If you’re taking the time to build a brilliant brand for your photography business, you should also be thinking about how you want your brand positioned in the market place. This is the key to attracting your perfect client.
The way you position yourself should reflect the type of clientele you want to work with and the number of bookings you can handle.
High-end, low-volume positioning
So for example, my studio is high-end low-volume. This means I attract a smaller number of clientele but they spend a higher dollar amount with me per session.
It’s a luxury product that not everyone can afford, and even if someone can afford my services, it doesn’t necessarily mean they’ll buy it. You see, I don’t expect to attract every single person in my market, just the ones who fit within my brand, are my ideal clients, and value what I do.
Low to mid-end, high-volume positioning
Let’s say you specialize in volume photography like school or sports photography. In this case, a high price tag and fewer clients won’t work for you because no one is going to pay premium dollars for school photos.
But, with lower rates, more schools will buy from you more frequently. In this case, your brand needs to be positioned on the mid to high-volume spectrum meaning you take a larger amount of customers at a lower price point.
So which positioning is right for you?
Well it comes down to what fits in with your life, how much time you have to do the work and what type of service you feel comfortable providing. But whatever you choose the strategy and the rationale has to be carefully thought out.
If you position your high-end photography business in the high volume area, you won’t be able to command higher prices because you’re casting a much wider net to bring anyone and everyone in.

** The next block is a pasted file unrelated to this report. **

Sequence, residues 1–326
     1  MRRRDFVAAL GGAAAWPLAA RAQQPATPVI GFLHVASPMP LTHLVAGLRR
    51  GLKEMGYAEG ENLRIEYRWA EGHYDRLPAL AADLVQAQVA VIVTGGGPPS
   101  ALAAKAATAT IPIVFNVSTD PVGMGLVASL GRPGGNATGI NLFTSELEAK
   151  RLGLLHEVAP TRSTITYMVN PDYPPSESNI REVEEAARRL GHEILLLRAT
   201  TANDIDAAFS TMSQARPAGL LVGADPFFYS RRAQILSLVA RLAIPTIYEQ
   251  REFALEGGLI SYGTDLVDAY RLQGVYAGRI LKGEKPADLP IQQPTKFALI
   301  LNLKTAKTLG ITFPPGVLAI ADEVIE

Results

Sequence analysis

If you go the high price, low volume route, your net will be much smaller and designed specifically to catch your ideal clients. You’ll also have more time to provide a high-end experience for your clients.
Think of it this way. You’re a school yearbook photographer and you’ve decided to charge a premium for your services because you use Photoshop to get rid of braces and blemishes and make the students look amazing.
Right from the get go the amount of time you’ll need to spend retouching each photograph (and there’s lots of them!) will chew up any profits you’ll make.
On top of that, the people you’re serving in this market all have wildly varying attitudes, beliefs and values. Not all of them can afford it, or even want this service and it’s too hard to try to narrow out the small group of people in that market who do.
In this scenario you run the very real risk of alienating the majority of your clientele with the school looking elsewhere for another photographer next year.
Targeting the right clientele, with the right services, at the right price will ensure you continue to have a business that works.
Do you want to work for that dream client that you only need so many of for your business to thrive? Or, do you prefer to be busy with a higher volume that involves less one on one time?
If you choose to run a high-end studio there will be a big focus on customer service because part of working with you is buying an experience.
So, keep in mind how you want to work and how you want your business to fit into your life.
There are more than just the two options of high or low volume – you can find your happy place somewhere in the middle where you take a middle range of clients for a middle range price – nothing too expensive or super cheap. I go over this in a whole lot more detail in my Brand Brilliantly program and give students a process for figuring out exactly what’s going to work for them.
Which ever way you choose to position yourself in the photography market it’s important to remember it’s not only the photography that positions your brand.
YOU play a big role along with the experience you provide to your customer so it’s up to you to make sure it works for both of you.